ICON Web & News
Search Using OECD Database
Return to Previous Page
Addition or Correction
Changes in cardiopulmonary function induced by nanoparticles
Link to Journal Abstract
Nanoparticles (NP) are highly applicable in a variety of technological and biomedical fields because of their unique physicochemical properties. The increased development and utilization of NP has amplified human exposure and raised concerns regarding their potential to generate toxicity. The biological impacts of NP exposures have been shown to be dependent on aerodynamic size, chemical composition, and the route of exposure (oral, dermal, intravenous, and inhalation), while recent research has demonstrated the cardiovascular (CV) system as an important site of toxicity. Proposed mechanisms responsible for these effects include inflammation, oxidative stress, autonomic dysregulation, and direct interactions of NP with CV cells. Specifically, NP have been shown to impact vascular endothelial cell (EC) integrity, which may disrupt the dynamic endothelial regulation of vascular tone, possibly altering systemic vascular resistance and impairing the appropriate distribution of blood flow throughout the circulation. Cardiac consequences of NP-induced toxicity include disruption of heart rate and electrical activity via catecholamine release, increased susceptibility to ischemia/reperfusion injury, and modified baroreceptor control of cardiac function. These and other CV outcomes likely contribute to adverse health effects promoting myocardial infarction, hypertension, cardiac arrhythmias, and thrombosis. This review will assess the current knowledge regarding the principle sites of CV toxicity following NP exposure. Furthermore, we will propose mechanisms contributing to altered CV function and hypothesize possible outcomes resulting in decrements in human health.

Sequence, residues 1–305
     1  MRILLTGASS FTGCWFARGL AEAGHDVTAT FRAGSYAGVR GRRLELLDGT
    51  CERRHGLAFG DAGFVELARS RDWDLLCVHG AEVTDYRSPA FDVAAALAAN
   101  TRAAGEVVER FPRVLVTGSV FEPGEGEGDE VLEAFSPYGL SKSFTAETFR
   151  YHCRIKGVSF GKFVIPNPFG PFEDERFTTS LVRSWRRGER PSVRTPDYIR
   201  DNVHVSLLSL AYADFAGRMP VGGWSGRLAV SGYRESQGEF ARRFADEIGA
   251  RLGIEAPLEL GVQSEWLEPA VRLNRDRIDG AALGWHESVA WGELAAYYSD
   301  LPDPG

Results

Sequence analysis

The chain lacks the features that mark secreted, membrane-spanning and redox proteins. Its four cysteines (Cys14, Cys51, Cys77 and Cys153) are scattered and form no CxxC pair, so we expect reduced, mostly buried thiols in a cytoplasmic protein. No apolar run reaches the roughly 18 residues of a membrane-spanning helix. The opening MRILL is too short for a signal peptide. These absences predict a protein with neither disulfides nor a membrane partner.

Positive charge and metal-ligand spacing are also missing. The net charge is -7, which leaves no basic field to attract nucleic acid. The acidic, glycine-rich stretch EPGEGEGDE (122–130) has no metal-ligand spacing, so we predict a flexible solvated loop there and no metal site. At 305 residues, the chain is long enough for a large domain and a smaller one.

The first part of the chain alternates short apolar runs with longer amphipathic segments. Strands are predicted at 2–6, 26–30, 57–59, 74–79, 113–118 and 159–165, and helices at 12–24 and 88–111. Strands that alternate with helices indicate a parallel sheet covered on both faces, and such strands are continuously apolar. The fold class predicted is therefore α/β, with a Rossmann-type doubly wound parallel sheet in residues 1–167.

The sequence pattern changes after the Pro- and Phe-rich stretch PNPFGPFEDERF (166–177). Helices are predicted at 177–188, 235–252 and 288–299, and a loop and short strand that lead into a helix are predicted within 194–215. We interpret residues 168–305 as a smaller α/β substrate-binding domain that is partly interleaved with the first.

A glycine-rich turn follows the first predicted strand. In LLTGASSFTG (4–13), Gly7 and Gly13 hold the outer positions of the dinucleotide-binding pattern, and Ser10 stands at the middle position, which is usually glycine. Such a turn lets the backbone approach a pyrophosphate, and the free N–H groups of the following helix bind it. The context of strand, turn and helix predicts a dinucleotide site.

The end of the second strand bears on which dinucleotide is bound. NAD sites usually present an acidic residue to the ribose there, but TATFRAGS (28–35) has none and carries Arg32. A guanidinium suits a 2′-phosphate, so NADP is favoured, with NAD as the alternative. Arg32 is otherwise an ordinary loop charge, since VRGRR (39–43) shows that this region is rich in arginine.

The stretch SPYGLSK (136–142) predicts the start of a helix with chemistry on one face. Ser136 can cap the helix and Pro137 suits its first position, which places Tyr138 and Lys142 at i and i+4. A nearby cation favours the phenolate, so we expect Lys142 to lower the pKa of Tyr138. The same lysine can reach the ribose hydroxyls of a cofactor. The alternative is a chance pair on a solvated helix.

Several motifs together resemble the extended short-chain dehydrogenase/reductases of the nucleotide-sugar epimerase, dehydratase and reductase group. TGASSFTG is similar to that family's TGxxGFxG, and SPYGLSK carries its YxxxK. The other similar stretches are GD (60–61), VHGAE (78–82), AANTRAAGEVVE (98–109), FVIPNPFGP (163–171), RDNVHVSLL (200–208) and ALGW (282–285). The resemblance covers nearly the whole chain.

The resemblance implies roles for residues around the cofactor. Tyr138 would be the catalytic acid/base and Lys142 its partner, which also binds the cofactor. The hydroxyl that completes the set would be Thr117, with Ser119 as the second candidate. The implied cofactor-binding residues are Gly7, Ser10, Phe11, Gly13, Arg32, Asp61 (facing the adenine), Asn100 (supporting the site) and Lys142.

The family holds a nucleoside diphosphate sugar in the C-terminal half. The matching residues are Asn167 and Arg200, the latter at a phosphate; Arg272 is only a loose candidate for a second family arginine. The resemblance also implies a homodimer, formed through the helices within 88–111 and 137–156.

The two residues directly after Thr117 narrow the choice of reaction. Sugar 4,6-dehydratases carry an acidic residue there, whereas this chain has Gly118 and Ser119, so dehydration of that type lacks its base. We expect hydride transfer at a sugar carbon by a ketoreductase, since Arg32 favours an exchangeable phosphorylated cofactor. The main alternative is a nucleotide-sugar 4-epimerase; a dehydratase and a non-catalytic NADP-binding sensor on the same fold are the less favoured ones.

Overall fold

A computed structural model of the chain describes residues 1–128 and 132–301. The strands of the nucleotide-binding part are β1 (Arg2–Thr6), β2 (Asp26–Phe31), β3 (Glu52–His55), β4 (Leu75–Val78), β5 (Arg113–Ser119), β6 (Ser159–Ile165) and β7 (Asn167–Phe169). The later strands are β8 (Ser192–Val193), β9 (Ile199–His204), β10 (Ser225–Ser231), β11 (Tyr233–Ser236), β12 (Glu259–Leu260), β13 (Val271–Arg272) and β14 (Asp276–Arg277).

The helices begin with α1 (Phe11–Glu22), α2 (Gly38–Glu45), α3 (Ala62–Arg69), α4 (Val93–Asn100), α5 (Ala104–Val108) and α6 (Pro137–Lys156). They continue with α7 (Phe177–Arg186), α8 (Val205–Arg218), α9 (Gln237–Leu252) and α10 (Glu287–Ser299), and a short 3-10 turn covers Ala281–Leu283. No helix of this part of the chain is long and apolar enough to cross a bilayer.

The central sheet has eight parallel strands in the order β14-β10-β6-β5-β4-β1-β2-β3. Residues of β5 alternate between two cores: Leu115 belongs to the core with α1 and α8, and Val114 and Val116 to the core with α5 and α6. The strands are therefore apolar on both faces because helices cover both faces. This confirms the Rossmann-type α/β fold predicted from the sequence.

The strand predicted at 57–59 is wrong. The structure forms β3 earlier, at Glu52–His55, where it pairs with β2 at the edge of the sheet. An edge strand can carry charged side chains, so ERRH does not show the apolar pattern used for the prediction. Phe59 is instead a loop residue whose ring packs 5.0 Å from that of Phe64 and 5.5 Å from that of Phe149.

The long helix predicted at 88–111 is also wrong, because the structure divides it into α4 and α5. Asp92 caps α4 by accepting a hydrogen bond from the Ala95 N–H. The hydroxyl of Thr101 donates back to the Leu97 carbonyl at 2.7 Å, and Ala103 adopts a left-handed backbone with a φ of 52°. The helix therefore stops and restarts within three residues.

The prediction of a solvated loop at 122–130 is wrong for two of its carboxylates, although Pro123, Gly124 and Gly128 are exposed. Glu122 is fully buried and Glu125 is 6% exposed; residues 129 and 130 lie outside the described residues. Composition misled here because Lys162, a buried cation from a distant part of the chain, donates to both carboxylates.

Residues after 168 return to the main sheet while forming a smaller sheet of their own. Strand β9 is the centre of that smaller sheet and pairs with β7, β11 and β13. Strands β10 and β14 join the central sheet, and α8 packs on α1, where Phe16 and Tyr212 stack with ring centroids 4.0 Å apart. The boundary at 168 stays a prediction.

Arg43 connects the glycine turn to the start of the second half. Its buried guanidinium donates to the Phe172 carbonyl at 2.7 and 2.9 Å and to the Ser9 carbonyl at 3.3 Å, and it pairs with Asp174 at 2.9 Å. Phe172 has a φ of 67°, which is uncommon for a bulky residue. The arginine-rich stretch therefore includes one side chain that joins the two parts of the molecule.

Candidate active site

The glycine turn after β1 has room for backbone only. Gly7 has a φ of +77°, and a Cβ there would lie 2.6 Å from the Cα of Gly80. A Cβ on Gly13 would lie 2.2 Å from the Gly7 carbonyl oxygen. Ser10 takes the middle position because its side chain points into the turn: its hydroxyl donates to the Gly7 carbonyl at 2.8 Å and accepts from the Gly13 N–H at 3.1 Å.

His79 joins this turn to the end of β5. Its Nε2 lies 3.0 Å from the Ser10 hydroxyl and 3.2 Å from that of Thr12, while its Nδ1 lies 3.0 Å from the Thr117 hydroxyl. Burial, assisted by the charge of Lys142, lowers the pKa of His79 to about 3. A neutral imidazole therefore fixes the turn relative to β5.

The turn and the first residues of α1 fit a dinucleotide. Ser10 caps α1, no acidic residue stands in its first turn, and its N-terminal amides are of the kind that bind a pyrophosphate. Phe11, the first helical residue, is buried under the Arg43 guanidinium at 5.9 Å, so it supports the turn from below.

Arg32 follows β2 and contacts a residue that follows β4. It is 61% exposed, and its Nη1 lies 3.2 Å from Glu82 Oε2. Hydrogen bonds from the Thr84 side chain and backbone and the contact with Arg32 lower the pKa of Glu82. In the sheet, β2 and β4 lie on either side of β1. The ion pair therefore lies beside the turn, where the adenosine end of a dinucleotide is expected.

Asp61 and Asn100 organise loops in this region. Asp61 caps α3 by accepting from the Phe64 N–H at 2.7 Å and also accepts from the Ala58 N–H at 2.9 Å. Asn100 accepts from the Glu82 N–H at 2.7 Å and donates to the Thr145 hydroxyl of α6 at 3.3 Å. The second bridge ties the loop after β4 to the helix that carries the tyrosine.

This review assesses the current knowledge regarding the principle sites of cardiovascular (CV) toxicity following nanoparticle (NP) exposure and proposes mechanisms contributing to altered CV function and hypothesizes possible outcomes resulting in decrements in human health.
Exposure Or Hazard Target
Method Of Study
Risk Exposure Group
WIREs Nanomedicine and Nanobiotechnology, 4(6): 691-702 (November/December 2012)
Wiley Interdisciplinary Reviews: Nanomedicine and Nanobiotechnology
Mann EE, Thompson LC, Shannahan JH, Wingard CJ
Last updated on November 15, 2012
This work is supported in part by the Nanoscale Science and Engineering Initiative of the National Science Foundation
under NSF Award Number EEC-0118007.
Why Join Us?
Mission and Strategy
Good Nano Guide
Nano EHS Research Needs
Current Practices Survey